• On August 15, 2013 the team was officially sold to Josh Harris and co-owner David Blitzer./

The timing of all the moves certainly speaks volumes, and it would make sense for the sale to go through after Kovalchuk’s contract was off the books.

As noted above in HockeyStatMiner’s tweet, the reaction to losing Kovalchuk saw the team sign Jaromir Jagr who helped the team in many ways.

Kovalchuk retiring helped the franchise financially, and more importantly undid a move that Lou Lamoriello didn’t want to make in the first place.

Via The Hockey News:

It’s a great, great day for the Devils, yet another when GM Lou Lamoriello once again seems to come out of a crisis looking like the genius he is, even if he had nothing to do with Kovalchuk’s decision. (Speculation from the start was that Lamoriello wanted nothing to do with the Kovalchuk contract and that it was being driven by ownership.)

The league also reversed its decision of penalizing the Devils by returning a first-round draft pick, which was another plus for them.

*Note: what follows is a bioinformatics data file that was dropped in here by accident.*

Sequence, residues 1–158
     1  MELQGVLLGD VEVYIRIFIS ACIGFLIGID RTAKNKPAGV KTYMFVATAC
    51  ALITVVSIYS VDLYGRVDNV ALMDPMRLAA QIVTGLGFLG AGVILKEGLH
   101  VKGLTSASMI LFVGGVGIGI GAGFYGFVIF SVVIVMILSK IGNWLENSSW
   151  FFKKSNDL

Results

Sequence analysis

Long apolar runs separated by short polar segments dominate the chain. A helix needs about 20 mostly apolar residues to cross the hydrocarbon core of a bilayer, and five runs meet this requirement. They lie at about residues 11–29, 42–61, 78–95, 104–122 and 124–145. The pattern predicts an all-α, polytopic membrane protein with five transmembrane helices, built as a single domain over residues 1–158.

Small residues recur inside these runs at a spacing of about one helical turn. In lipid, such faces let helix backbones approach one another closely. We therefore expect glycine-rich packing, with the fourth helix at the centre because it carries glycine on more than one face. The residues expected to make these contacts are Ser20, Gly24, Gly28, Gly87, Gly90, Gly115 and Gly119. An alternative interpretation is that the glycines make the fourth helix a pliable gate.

I don’t begrudge anyone who is against the move, but better that be for hockey reasons than the assumption that Kovalchuk “back stabbed” the Devils. Some might say a team in a rebuild has no place signing a player like him, but the organization is going to continue to run a business that has an interest in selling tickets and drawing eyeballs.

There is a fine balance that needs to worked out, but I can tell you it is unlikely for the Rangers to roll out a team made up of returning players and the remainder being occupied with prospects and kids from Hartford. If anything Kovalchuk’s potential signing could be in place of Nash who suffered another concussion.

Overall, this is just a report but one with a lot of traction. If the deal goes through there is the potential of a lot of upside for the Rangers. The Rangers are in a mode where they aren’t going to be signing players like John Tavares, James van Riemsdyk, John Carlson etc. to long-term deals of five, six or seven years in length. Two or three years for Kovalchuk is fine given their financial flexibility and status as a team.

Ultimately it is hard to evaluate any move by itself. By that I mean once the summer is over we can sit back and look at things in totality. That will include draft selections, the coaching decision and other moves surrounding trades and free agency.

This move could be just one piece of the puzzle, and we will have to wait and see if this comes to fruition and the corresponding moves that follow.